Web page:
This is a real treat of a route. It takes in parts of the C2C, Beamish open air museum, the oldest railway in the world and much more. Barely more than a mile in total is on road; for the most part we're on good surfaced tracks and bridleways. Enjoy!
Start at the Swalwell Visitors' Centre just behind Blaydon Rugby Club (197 620). You could start at the Metro Centre or even the middle of Newcastle; in which case follow the Keelmans' Way on the S side of the Tyne to bring you round to the start of the Derwent Walk at Swalwell.
Access to the Derwent Walk - which for the most part follows an old rail track - is just behind the Visitors' Centre. After just over a mile you're looking for a track off to the left through the woods. It's signed for 'Clockburn Lonnen' and heads upwards, steeply at first, but the gradient soon eases. Turn L onto an unsurfaced road which takes you up to a T junction.
Turn R and go up the hill for about half a mile. Just as you reach a pub on the L there's a bridleway signed for Sunniside. It goes across open country then winds round the backs of some houses to meet a road. Go straight across on a path signed for 'Tanfield Railway'. The railway is said to be the oldest in the world, used originally to bring minerals down to the Tyne. It's been restored and steam trains run a regular service - a popular feature of the railway is Causey Arch, a bridge constructed over a gorge in spectacular surroundings.
When you reach the railway turn R to follow it. After a short distance, cross the line via a gate and follow the path on the E side to Tanfield Station. Cross the main road and head off down a track signed for 'Birkheads Lane'; this soon turns into singletrack and is, in fact, the course of yet another railway. When you reach a road go straight across. At the second road turn R and go downhill for a while until you come to a L turn for Kibblesworth. Don't take it but, instead, turn R here on a track which goes through some woods then down to meet a road at Beamish Hall. Turn L, go up the hill and you're now at the entrance to Beamish Museum.
To do Beamish Museum justice you really need to spend some time there. The entrance fee entitles you to use the trams to get from one part of the museum to the next. There's a lot to see so allow plenty of time if you're going in.
Head towards the main road, passing a pub over on your L. You're looking for a path on the L down to the Consett and Sunderland Cycle Route, again an old rail track. Turn R to pass under the bridge and you'll not fail to miss the sculptures of browsing cattle made out of old mechanical parts. There are more sculptures on the route but better to discover them for yourself.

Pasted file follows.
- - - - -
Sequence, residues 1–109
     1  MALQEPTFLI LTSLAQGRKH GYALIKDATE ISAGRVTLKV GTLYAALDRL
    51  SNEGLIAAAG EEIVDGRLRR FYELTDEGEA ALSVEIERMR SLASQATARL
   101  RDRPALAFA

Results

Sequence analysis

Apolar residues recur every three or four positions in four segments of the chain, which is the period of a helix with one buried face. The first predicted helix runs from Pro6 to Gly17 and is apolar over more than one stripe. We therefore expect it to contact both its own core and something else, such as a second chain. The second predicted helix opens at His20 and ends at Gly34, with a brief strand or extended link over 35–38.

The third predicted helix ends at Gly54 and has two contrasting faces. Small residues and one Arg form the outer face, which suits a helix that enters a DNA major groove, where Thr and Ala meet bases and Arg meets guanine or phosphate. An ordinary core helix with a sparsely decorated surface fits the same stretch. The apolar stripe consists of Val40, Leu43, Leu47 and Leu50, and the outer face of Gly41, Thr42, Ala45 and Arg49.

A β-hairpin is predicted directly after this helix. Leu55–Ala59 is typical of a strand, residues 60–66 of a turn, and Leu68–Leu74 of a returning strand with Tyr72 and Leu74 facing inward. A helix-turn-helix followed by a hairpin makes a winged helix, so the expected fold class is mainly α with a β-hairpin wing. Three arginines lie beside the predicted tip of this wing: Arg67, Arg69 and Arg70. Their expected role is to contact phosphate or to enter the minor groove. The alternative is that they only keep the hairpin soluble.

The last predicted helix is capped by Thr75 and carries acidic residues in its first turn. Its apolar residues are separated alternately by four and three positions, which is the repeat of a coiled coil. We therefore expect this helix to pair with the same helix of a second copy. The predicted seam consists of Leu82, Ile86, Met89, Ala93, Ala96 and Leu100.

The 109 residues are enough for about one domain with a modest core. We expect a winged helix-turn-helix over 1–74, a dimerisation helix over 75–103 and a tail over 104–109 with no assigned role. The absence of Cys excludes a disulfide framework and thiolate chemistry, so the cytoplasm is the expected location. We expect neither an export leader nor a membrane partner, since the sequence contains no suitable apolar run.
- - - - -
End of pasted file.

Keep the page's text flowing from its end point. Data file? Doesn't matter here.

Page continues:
At Annfield Plain cross the road by the supermarket but after a few yards the route leaves the rail track through a gap in the stone wall. Follow along the road and you'll come across a newly built bridge over a main road. Shortly you come across an ornamental pond with some industrial units over to the R. Turn R on the road then, almost immediately L on a path through some shrubbery. The track parallels a main road for a while before going through some 'S' bends to emerge at a roundabout. Aim for the car park of the Jolly Drovers pub to pick up the track again to Leadgate.
Follow the track alongside some playing fields; we're fairly high up now and there are extensive views to the S and to the Pennines. Cross some waste ground and a road to head for a roundabout and yet more sculptures. Past these and down to Lydgetts Junction - the smelter wagon - where the Waskerley Way, the Derwent Walk and the Lanchester Valley Walk all meet.
Turn R onto the Derwent Walk, heading for Consett. Cross a main road then you're up on an open grassy crest which leads along through the edge of Consett, past a cemetery and onto the old rail track. From here it's an absolute breeze for ten miles back to Swalwell, gently downhill all the way and crossing several viaducts. There's a slight deviation when you get to Rowlands Gill. Take the footpath on the R side of the road - it's well signed - then rejoin the rail track just past a garage.
All credit should go to those councils and other organisations who had the foresight to appreciate that these rail tracks - even when closure is forced upon them - are indeed an asset to be cherished, and not a commodity to be sold off for private gain.
Download GPS data in GPX format.